It is important to discuss with patient the inherent errors with self reported intake. Patients express great frustration when they review their food records and the calories are within target but the expected weight change does not occur. Calculations of the reported intake need to be discussed in context of these errors. To improve accuracy, dietitians can work with patients to find self monitoring tools that best suits their needs, improve estimation of portions, teach patients how to accurately measure food portions, and help patients access accurate sources for nutrition information.
Adherence to recommendations is important for any intervention to be successful. The frequency of followup will depend on the type of procedure and comorbid conditions. Nutrition care by a registered dietitian is recommended for all bariatric surgery patients.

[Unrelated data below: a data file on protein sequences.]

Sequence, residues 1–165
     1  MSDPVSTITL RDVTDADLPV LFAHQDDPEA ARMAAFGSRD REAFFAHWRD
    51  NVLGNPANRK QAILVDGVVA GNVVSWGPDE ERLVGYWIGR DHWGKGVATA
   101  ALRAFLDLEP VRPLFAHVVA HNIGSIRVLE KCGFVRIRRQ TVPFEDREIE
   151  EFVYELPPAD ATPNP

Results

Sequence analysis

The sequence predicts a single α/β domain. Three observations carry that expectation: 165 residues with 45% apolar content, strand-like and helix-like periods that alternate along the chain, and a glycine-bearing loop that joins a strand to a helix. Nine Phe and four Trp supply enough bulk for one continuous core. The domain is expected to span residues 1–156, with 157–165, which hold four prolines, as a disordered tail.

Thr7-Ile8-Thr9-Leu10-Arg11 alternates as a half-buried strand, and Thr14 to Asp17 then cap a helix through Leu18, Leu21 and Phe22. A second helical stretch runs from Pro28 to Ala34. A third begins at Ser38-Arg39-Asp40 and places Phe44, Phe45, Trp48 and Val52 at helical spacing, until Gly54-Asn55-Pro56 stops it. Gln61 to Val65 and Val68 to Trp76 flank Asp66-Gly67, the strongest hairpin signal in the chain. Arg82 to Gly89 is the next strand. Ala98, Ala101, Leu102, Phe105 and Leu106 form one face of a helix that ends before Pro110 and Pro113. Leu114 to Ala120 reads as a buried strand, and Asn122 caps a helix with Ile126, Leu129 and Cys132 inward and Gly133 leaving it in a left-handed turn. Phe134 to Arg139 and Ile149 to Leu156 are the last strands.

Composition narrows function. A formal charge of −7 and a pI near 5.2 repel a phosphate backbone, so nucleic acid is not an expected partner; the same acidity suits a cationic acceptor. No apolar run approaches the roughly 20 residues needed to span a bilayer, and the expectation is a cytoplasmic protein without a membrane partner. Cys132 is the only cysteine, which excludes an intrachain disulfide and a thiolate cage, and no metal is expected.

Adherence with follow-up visits after bariatric surgery improves weight outcomes. In particular to the LAGB, frequent followup for nutrition and band adjustments are important; missing <25% of appointments was associated with greater loss of excess body weight [10, 49, 50]. Dixon et al.  found that a follow-up frequency less of than 13 times in 2 years especially males was associated with less weight loss, and Weichman et al.  found that less than 7 follow-up visits per year was associated with less loss of excess body weight (both studies looked at LAGB patients). Frequency of post-surgery visits is also inversely related to weight regain after gastric bypass .
Although followup is recommended, adherence to post-surgery visits is low. In one study, 782 RYGB patients were followed over 5 years. At 4 years, data was available for 60% of these patients of which 64% experienced weight regain. Of those patients that experienced weight regain, 60% never had nutritional follow up and 80% never underwent psychological followup .